Using a Venturi to Inject Methoxide



Injecting Methoxide with a VenturiOne issue I have with the Appleseed biodiesel processor is that you have to add the methoxide slowly or quality will suffer. Since it does not mix inside the tank, we have to make sure the methoxide is evenly distributed through out the tank. To do that we add the methoxide slowly. How slowly depends on how fast you can turn over the oil in the tank. The typical pump used on an Appleseed is either the Harbor Freight or Northern Tool Clear Water Pump. These pumps will flow hot oil at about 7.5 gallons per minute. That means for a 40 gallon water heater making 25 gallon batches, you will pump all the oil through the pump once every three minutes or so. We want to inject the methoxide over four passes. That gives us a ratio of 18:1 oil to methoxide when injecting. What we find out is that this 18:1 ratio holds no matter what size water heater you have. I started off talking about the problem being that we have to inject the methoxide slowly. Well to be correct the problem is that until now we have not had an inexpensive way to consistently inject the methoxide at the proper rate.

Having heard that there was a venturi available on the market that would give us our 18:1 ratio using the Northern Tool Clear Water Pump, we went on the search. It took a while but we found the Mazzei 584 Venturi Injector that was made of methanol and biodiesel resistant material with a maximum temperature rating of 200F. At least it worked by the books. We did a lot of testing on the venturi and found that it had a methoxide injection rate of 15:1. That's not quite our ideal 18:1 but close enough for the job. It will load all the methoxide in about 3 and a half passes through the pump.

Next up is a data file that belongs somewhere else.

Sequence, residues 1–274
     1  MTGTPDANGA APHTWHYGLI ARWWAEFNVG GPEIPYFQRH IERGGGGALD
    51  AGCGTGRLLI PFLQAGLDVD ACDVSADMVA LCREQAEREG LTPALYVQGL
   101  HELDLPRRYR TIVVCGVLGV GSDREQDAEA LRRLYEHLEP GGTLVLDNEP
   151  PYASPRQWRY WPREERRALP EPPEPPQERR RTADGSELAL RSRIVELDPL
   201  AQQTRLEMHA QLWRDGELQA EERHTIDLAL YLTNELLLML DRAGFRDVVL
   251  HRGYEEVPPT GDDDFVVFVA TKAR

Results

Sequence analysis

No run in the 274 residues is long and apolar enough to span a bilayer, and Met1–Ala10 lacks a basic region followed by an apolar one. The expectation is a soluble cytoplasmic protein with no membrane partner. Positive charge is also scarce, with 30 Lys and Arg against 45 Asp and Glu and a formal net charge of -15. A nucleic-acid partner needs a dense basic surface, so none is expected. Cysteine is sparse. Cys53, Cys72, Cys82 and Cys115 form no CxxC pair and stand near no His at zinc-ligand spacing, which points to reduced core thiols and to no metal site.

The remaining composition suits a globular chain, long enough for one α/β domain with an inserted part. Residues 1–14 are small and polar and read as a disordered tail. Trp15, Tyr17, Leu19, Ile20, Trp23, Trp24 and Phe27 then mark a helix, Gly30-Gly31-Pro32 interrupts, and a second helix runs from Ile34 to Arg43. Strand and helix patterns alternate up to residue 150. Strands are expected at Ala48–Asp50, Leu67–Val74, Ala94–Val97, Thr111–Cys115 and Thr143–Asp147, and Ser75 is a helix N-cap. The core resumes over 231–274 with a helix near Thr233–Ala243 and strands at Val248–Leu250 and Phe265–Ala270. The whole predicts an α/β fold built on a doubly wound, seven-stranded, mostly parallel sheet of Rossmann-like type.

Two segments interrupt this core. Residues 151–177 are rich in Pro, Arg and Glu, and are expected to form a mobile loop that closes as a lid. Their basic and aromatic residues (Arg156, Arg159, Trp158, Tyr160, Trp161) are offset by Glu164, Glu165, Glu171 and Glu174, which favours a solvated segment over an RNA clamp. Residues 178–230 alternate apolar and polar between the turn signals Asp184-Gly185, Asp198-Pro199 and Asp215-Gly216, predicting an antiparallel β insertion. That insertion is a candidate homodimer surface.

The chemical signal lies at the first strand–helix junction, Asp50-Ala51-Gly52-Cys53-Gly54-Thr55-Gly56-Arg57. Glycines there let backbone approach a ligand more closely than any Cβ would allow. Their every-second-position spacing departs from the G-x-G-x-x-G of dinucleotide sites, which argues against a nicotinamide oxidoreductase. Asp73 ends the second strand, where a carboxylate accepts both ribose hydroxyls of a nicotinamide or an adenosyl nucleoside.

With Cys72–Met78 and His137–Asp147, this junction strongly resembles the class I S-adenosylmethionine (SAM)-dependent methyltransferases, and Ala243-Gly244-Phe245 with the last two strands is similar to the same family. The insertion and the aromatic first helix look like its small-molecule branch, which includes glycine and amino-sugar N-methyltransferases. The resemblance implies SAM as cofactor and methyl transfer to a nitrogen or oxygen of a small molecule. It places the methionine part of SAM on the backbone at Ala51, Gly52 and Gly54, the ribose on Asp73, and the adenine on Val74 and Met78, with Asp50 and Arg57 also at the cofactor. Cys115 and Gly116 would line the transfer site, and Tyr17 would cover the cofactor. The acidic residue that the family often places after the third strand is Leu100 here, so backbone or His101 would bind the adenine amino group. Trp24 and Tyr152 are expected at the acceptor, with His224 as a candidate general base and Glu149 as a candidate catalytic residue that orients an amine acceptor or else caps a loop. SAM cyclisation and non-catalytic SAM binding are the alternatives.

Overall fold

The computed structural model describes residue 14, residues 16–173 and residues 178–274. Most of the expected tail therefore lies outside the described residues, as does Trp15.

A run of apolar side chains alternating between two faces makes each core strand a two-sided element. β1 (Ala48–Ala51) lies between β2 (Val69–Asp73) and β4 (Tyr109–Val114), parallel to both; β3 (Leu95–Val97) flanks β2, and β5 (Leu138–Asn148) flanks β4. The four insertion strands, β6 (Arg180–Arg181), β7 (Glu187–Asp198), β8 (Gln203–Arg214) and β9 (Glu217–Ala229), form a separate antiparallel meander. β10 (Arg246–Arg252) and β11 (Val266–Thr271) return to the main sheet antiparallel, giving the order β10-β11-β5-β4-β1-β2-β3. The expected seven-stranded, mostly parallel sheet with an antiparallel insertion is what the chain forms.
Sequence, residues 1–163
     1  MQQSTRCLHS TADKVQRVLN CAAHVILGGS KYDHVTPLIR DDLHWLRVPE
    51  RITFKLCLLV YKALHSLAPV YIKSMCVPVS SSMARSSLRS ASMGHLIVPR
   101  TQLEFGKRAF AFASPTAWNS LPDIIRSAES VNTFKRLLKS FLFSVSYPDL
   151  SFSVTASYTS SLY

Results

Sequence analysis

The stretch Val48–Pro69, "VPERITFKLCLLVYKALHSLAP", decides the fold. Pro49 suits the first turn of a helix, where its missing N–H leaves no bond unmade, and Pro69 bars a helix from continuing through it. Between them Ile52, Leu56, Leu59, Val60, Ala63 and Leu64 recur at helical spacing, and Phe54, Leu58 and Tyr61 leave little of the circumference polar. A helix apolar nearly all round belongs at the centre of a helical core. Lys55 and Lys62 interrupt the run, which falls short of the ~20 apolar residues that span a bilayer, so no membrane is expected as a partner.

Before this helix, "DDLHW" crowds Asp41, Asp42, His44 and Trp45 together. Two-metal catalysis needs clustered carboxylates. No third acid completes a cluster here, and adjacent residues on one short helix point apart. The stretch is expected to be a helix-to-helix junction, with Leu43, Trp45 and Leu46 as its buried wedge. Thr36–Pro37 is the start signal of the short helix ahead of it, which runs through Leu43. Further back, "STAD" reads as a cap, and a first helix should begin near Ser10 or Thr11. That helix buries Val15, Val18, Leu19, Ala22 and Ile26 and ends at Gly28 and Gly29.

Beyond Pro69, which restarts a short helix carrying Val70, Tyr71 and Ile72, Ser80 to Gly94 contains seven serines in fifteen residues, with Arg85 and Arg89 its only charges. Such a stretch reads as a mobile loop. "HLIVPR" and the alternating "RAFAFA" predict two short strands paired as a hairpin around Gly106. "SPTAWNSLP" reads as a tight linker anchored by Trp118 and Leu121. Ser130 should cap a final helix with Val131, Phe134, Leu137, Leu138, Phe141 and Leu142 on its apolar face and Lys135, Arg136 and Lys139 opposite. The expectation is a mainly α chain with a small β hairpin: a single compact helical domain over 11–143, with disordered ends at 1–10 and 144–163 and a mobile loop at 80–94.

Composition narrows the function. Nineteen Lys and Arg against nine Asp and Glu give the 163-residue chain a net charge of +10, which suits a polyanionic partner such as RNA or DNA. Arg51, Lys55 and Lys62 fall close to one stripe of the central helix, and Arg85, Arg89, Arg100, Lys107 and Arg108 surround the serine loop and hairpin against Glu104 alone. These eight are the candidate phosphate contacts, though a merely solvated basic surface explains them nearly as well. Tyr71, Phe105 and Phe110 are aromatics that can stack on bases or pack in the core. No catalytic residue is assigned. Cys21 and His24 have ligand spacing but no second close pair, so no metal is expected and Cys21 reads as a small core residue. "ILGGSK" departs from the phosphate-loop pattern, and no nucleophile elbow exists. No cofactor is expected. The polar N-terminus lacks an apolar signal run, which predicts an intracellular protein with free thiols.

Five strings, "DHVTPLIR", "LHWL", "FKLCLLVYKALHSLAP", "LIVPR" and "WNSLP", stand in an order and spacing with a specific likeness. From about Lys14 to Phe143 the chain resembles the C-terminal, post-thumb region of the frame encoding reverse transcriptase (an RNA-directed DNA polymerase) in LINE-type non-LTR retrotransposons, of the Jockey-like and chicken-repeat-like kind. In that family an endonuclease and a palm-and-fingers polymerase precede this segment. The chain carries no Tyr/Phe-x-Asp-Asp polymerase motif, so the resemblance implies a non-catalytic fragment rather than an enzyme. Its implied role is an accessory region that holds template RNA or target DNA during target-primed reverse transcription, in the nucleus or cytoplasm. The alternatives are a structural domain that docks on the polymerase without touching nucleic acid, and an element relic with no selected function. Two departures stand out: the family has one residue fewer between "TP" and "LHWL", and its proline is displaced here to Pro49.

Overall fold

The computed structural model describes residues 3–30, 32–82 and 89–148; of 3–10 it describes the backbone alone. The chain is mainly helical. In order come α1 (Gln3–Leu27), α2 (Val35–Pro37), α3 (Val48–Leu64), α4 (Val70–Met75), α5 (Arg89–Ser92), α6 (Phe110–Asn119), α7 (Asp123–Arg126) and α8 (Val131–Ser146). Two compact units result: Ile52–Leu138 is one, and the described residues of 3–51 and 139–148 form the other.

One of the nice things about the venturi was that it really pulled a serious vacuum. It maxed out my vacuum gauge with 29" on the gauge. It had no difficulty pulling up the tubing three feet from the floor to the venturi. The venturi will load down the pump enough to slow the flow rate from 7.5 gpm down to 6 gpm when being used to draw methoxide. It loads it down when not in use as well. Not quite as much as when it's in use, but enough that we want to look at using a bypass for mixing.

A bypass lets the biodiesel go around the venturi when it's not in use. This eliminates the head pressure on the pump and increases the flow in the circulation line. It's a simple device that with a ball valve and union being the main components. Open the ball valve when the venturi is not in use, and close it when you want to inject the methoxide.

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Mazzei 584 Venturialt from


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